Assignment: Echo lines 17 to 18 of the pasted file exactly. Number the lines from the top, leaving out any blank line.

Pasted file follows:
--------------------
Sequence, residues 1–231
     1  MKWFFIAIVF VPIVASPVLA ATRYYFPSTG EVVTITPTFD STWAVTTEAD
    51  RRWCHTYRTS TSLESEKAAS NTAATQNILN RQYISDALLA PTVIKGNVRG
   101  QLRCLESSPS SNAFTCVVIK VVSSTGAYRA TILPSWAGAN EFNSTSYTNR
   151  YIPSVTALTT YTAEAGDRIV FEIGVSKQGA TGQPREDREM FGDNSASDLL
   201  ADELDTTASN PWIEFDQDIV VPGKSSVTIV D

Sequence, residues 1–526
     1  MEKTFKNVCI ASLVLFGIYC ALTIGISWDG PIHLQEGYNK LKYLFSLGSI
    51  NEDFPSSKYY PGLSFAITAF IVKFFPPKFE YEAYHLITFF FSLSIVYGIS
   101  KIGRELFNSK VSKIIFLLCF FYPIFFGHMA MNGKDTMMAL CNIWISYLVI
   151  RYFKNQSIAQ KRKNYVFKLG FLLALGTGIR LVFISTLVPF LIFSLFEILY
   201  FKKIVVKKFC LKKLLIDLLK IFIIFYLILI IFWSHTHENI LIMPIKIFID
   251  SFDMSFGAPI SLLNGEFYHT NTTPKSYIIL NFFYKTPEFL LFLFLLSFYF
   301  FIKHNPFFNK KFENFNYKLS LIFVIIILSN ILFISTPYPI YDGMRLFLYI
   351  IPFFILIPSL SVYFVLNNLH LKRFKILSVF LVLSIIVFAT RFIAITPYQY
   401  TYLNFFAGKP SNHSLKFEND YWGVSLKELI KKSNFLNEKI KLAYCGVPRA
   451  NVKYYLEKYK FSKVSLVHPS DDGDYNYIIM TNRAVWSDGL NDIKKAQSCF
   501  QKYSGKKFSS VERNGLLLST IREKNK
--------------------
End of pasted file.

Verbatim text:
   451  NVKYYLEKYK FSKVSLVHPS DDGDYNYIIM TNRAVWSDGL NDIKKAQSCF
   501  QKYSGKKFSS VERNGLLLST IREKNK